Field-flow fractionation and gel permeation methods for total soil fungal mass determination
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Institute of Agricultural Chemistry and Soil Science, University of Debrecen, Hungary
Department of Crop and Soil Science, Oregon State University, United States
Engineering and Nutrition, Faculty of Engineering, LTH, Department of Food Technology, Lund University, Sweden
Institute of Environmental Sciences, University of Nyiregyhaza, Hungary
Submission date: 2021-07-27
Final revision date: 2021-10-18
Acceptance date: 2021-11-12
Online publication date: 2022-02-03
Publication date: 2022-02-03
Corresponding author
Áron Béni   

Institute of Agricultural Chemistry and Soil Science, University of Debrecen, Böszörményi u 138, 4032, Debrecen, Hungary
Soil Sci. Ann., 2021, 72(3)143901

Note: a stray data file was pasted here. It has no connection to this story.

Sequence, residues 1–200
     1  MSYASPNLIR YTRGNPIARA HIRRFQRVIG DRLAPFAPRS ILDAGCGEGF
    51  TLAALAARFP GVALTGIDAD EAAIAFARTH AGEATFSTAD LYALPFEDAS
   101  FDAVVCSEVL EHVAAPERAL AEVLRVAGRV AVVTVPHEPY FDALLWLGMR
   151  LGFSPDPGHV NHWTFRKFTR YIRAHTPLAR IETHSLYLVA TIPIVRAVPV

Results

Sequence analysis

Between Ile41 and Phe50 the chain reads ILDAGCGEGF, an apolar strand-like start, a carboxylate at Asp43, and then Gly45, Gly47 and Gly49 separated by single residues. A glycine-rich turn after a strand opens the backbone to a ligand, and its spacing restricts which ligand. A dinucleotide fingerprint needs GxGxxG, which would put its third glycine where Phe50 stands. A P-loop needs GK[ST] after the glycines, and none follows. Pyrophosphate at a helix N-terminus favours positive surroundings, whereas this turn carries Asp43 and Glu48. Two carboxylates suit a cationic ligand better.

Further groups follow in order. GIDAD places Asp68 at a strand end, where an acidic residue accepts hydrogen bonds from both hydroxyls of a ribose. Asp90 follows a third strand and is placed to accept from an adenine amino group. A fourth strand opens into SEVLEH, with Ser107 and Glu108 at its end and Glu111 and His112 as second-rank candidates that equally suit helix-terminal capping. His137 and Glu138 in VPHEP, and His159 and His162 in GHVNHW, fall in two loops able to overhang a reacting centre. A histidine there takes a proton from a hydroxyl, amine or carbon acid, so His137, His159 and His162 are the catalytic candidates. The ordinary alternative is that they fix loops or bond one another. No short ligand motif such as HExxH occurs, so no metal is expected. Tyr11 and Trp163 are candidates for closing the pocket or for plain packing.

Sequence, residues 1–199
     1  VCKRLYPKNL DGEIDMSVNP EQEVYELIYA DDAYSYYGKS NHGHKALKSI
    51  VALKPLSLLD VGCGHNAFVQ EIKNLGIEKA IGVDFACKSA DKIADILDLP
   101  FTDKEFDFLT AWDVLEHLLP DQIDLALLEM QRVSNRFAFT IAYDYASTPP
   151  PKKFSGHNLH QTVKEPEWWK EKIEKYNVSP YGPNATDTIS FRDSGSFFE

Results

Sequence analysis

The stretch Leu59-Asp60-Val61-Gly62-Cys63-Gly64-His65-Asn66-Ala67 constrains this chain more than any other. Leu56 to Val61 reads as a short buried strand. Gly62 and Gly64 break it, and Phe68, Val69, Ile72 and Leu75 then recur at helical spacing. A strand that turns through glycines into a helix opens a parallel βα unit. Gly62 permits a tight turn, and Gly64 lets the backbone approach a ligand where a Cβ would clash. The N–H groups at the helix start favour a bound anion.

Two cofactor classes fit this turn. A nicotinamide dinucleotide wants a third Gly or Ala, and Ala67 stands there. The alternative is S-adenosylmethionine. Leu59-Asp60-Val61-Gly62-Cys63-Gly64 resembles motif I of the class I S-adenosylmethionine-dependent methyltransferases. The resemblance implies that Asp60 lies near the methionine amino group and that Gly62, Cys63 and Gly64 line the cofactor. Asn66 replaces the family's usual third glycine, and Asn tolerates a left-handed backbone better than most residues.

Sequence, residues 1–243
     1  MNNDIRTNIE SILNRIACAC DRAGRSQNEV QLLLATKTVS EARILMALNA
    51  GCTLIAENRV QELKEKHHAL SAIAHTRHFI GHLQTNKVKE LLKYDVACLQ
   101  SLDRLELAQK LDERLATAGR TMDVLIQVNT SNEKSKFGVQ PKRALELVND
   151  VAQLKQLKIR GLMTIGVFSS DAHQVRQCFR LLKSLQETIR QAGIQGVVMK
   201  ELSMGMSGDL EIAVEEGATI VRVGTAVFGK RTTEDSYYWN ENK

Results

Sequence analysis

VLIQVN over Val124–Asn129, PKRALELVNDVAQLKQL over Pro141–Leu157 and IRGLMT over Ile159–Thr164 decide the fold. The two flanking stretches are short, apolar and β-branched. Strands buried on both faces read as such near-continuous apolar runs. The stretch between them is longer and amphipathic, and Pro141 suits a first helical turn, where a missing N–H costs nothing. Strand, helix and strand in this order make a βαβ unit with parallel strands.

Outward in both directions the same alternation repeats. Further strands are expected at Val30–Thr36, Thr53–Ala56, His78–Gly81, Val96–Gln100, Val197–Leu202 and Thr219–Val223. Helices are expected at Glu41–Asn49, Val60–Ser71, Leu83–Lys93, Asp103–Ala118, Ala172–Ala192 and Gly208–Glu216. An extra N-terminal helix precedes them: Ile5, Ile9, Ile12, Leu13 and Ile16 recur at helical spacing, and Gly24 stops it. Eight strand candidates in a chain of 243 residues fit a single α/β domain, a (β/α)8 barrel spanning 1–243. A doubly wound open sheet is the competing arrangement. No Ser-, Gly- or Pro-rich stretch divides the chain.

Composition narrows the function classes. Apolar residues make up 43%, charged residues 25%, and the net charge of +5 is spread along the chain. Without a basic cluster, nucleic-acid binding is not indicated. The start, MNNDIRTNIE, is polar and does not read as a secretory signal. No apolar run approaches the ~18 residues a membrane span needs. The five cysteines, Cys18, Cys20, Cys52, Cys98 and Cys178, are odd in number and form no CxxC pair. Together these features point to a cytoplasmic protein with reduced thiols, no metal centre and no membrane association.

Fungi are critical components of the soil food web. Fungi are important as organic matter decomposers, nutrient recyclers, and fungal hyphae play a role on the formation of soil aggregates that can increase water infiltration, improve water holding capacity, and sequester soil carbon (C). Ergosterol is a sterol found ubiquitously in cell membranes of filamentous fungi and is commonly used as a marker compound for fungal biomass. In contrast, the analysis of chitin is potentially effective way to monitor changes in total fungal mass (biomass and necromass) under different environmental conditions, because chitinis a more stable compound than ergosterol. By combining this analysis with our previously developed ergosterol method, we can determine both live fungal biomass and by subtraction, fungal necromass, thus providing useful information on the turnover dynamics of total fungal mass. We developed a sample preparation method based on extraction and conversion of chitin to chitosan, after which chitosan is measured by Asymmetrical Flow Field-Flow Fractionation (AF4). Our results show that this analytical method is a simple, fast, and cost-effective technique for the quantitative analysis of chitin from field-collected soils. The detection limit of this method is 6 μg g–1 chitin (chitosan) in dry soil. The final method linear range is 20 – 500 μg g–1 for chitin and 0.4 - 10 mg g–1 for fungal biomass. The developed chitin based and existing ergosterol based fungal estimation methods were used for the soil analysis. These methods can combine to determine the living and total fungal biomass.
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